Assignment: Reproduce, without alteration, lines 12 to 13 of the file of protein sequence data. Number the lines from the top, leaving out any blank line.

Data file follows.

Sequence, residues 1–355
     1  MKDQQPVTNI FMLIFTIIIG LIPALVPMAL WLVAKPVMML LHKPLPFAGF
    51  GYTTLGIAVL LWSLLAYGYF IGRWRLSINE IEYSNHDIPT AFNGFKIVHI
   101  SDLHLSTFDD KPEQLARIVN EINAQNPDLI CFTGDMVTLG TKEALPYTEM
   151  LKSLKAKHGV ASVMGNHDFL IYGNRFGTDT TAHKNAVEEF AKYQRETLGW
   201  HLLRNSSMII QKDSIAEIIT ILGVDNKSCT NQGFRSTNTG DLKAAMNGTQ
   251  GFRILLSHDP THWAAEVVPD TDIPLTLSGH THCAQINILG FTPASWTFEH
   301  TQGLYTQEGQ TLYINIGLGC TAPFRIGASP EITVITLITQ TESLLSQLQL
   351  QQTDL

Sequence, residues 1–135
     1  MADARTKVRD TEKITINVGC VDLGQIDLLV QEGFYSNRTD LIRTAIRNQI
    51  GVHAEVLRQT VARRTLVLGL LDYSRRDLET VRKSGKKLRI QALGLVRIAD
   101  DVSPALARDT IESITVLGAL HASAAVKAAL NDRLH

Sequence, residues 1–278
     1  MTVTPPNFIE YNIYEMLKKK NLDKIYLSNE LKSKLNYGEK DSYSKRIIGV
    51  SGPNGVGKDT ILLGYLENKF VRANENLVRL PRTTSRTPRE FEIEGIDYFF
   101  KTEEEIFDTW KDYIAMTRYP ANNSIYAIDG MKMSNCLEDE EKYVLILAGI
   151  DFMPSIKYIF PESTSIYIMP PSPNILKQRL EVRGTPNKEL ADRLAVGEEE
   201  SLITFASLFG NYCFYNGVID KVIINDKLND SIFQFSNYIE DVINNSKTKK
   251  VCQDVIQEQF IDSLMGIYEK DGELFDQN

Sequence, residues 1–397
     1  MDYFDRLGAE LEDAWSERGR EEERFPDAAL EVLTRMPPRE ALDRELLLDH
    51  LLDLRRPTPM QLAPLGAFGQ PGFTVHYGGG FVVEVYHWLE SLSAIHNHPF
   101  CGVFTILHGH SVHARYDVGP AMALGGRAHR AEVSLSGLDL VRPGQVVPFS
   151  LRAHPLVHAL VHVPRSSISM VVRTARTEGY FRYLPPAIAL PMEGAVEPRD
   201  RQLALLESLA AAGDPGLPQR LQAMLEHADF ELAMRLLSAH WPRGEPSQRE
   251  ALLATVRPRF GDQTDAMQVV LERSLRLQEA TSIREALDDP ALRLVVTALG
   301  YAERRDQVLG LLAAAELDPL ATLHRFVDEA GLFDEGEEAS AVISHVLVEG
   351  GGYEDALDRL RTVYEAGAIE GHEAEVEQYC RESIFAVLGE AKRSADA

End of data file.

    51  GVHAEVLRQT VARRTLVLGL LDYSRRDLET VRKSGKKLRI QALGLVRIAD
   101  DVSPALARDT IESITVLGAL HASAAVKAAL NDRLH